I have been working out in my own way to get ready for August and Lisbon. I mow my lawn with an old electric push lawnmower. I have an old farmhouse on *2* acres. I was out there early mowing yesterday and my little old lady neighbor came hobbling over and waving her arms. "What are you doing! We have a ride on lawnmower you can borrow!"
I said "Do I look rich to you, Miss Mary?"
She said "No honey you're as poor as a church mouse, I know that!"
"Well Miss Mary, I need to get in shape. I don't have enough money to pay someone to mow my lawn then go out and get a gym membership too. This is my exercise."
"Well honey, you're gonna be Superwoman!"
"Yes, Miss Mary. Yes I am"
And I did the whole lawn. I know. My muscles tell me so.:oops:
 
Camino(s) past & future
frances 2017
#21
Thanks to all for these reflections.
I am very pre-Camino (maybe it’s evident in my photo with my dogs!) and sole caregiver for my family member. My goal is to be walking the Camino in one year’s time. I am blessed to be walk/practising with the Vancouver (BC) Camino group and feel so lifted each week. I have splurged and bought the “perfect backpack” which hangs on my bedpost.
I know that whether I walk the Camino or not, my training, preparation, learning will realign my being. However, times like today, my heart's longing feels out of reach. I pray for the strength and balance to be open to the Camino experiences of others and all these rich possibilities... without being wedded to my dream of actually walking.
Buon Camino... however you say it and spell it!
Joanne, you are so fortunate to have the Vancouver area for your Camino training grounds. Great city, great walking--and this is from a former Torontonian! No advice about the Camino; I'm leaving for Madrid tomorrow and start walking just the last segment (Sarria to SDC) Monday. Maybe I'll know something when I return.
 

JulieandPeter

Active Member
Camino(s) past & future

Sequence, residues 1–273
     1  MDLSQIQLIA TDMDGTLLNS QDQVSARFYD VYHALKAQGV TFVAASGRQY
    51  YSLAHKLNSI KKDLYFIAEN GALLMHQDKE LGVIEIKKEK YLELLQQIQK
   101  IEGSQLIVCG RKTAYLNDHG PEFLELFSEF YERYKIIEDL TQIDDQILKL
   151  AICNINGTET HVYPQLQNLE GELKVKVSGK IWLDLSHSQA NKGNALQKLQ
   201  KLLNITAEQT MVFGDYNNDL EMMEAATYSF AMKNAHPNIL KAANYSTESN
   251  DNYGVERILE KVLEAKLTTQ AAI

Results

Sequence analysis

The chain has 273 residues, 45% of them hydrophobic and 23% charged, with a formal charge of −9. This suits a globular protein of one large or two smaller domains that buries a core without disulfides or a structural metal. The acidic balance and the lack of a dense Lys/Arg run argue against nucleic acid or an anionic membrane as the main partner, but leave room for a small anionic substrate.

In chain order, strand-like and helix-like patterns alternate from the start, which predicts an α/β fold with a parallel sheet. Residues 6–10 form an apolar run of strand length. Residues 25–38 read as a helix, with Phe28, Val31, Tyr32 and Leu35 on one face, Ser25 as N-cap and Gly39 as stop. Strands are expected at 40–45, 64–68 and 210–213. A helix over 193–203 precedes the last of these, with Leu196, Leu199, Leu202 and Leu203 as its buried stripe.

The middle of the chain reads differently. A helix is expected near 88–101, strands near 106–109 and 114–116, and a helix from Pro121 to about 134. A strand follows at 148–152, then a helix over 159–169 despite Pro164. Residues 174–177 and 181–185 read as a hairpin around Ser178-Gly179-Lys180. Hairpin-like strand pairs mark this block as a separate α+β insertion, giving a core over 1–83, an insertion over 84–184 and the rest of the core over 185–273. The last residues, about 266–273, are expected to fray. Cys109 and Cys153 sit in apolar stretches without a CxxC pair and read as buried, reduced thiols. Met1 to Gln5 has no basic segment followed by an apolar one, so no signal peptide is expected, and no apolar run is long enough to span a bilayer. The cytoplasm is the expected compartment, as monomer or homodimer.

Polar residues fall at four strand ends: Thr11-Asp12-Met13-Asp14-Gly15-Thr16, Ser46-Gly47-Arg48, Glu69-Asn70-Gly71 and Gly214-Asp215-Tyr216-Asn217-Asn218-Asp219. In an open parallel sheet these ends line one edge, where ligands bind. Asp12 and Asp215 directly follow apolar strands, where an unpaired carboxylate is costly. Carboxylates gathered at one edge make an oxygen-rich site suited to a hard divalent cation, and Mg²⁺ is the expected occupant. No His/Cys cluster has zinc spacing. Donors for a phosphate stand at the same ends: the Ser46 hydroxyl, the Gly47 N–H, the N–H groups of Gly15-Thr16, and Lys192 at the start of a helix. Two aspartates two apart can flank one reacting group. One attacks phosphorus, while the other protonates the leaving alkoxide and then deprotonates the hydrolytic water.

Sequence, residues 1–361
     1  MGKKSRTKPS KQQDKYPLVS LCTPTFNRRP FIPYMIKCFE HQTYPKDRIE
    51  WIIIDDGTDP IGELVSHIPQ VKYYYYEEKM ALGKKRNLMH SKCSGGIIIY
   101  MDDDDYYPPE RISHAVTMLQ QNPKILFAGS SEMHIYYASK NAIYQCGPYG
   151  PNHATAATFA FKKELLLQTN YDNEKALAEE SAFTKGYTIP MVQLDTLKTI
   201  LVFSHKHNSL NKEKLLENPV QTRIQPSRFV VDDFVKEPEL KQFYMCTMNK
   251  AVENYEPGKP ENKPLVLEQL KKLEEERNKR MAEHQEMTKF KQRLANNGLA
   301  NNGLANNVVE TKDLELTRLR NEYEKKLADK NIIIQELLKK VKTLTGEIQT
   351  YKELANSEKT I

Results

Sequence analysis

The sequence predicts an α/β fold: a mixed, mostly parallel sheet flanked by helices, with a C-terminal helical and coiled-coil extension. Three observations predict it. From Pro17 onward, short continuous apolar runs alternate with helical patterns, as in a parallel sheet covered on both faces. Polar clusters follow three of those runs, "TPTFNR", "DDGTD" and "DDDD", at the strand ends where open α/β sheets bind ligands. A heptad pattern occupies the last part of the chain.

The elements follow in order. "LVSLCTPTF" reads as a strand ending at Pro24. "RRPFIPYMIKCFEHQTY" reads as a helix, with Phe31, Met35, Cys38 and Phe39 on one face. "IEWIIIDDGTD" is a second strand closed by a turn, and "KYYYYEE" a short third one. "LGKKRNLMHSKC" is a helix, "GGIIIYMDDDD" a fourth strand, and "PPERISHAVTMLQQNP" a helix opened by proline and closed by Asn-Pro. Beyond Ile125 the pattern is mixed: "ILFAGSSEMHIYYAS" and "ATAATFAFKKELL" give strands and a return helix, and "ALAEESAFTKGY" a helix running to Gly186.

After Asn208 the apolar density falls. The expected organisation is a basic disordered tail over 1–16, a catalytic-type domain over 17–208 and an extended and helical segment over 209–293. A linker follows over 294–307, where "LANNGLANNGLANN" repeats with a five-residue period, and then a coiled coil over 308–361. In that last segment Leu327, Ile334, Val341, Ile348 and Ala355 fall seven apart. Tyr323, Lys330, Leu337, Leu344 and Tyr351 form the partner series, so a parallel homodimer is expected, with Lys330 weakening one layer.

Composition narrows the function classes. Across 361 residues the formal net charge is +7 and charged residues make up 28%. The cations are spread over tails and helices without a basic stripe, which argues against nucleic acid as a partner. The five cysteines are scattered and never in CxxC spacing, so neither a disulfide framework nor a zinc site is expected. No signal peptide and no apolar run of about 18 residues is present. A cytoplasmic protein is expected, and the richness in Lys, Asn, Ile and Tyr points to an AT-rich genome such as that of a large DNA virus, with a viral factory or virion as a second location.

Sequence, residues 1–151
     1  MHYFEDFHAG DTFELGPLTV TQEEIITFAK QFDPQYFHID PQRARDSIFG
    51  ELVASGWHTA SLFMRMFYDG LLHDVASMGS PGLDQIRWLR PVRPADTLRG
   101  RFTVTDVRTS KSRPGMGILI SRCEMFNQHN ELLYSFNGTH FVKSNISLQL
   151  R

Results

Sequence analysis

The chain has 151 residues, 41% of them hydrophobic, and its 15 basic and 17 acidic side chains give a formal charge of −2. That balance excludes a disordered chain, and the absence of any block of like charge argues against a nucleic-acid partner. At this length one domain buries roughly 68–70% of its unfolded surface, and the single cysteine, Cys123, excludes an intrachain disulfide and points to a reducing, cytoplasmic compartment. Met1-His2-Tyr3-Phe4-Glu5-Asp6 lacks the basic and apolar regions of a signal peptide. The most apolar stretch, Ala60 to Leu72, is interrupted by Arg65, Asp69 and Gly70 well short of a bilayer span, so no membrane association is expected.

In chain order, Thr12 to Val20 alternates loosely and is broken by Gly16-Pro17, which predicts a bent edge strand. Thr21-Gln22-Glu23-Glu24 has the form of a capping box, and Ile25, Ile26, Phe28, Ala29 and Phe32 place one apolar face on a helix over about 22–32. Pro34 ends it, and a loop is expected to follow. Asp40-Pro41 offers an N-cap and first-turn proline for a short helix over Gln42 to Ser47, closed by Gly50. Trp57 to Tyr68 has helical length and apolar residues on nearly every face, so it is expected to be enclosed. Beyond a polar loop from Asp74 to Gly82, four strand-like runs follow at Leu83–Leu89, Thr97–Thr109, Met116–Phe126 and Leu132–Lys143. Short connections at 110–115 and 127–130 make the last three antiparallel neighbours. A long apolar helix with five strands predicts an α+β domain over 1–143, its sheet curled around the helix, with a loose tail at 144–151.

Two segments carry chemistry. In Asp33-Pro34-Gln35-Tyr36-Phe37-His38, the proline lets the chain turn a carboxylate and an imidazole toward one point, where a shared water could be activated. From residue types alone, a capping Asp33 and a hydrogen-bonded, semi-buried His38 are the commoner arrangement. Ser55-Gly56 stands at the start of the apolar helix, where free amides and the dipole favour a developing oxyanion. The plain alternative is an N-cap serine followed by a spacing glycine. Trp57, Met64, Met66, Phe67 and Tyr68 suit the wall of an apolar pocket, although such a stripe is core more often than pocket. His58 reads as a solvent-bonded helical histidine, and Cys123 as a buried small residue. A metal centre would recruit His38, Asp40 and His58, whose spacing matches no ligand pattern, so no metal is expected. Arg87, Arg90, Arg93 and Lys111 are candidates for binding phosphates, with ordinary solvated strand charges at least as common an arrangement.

Frances (April/May 2015)
Frances (May/June 2017)
Planning Le Puy to SJPDP (August/September 2018)
#22
Jo Anne, you can learn to cook Paella, trade out your Serta for bunk beds, and practice washing a few things by hand too. ;)
On the days when you have respite care to help out, get out of the house and be the tourist in your own city. Get a map and a day pack and just enjoy what is in your area.
I have been working out in my own way to get ready for August and Lisbon. I mow my lawn with an old electric push lawnmower. I have an old farmhouse on *2* acres. I was out there early mowing yesterday and my little old lady neighbor came hobbling over and waving her arms. "What are you doing! We have a ride on lawnmower you can borrow!"
I said "Do I look rich to you, Miss Mary?"
She said "No honey you're as poor as a church mouse, I know that!"
"Well Miss Mary, I need to get in shape. I don't have enough money to pay someone to mow my lawn then go out and get a gym membership too. This is my exercise."
"Well honey, you're gonna be Superwoman!"
"Yes, Miss Mary. Yes I am"
And I did the whole lawn. I know. My muscles tell me so.:oops:
If you are not already, you should consider writing a book. I'm sure most of the people on this forum who have enjoyed your wit would agree.
 
Camino(s) past & future
2017
#24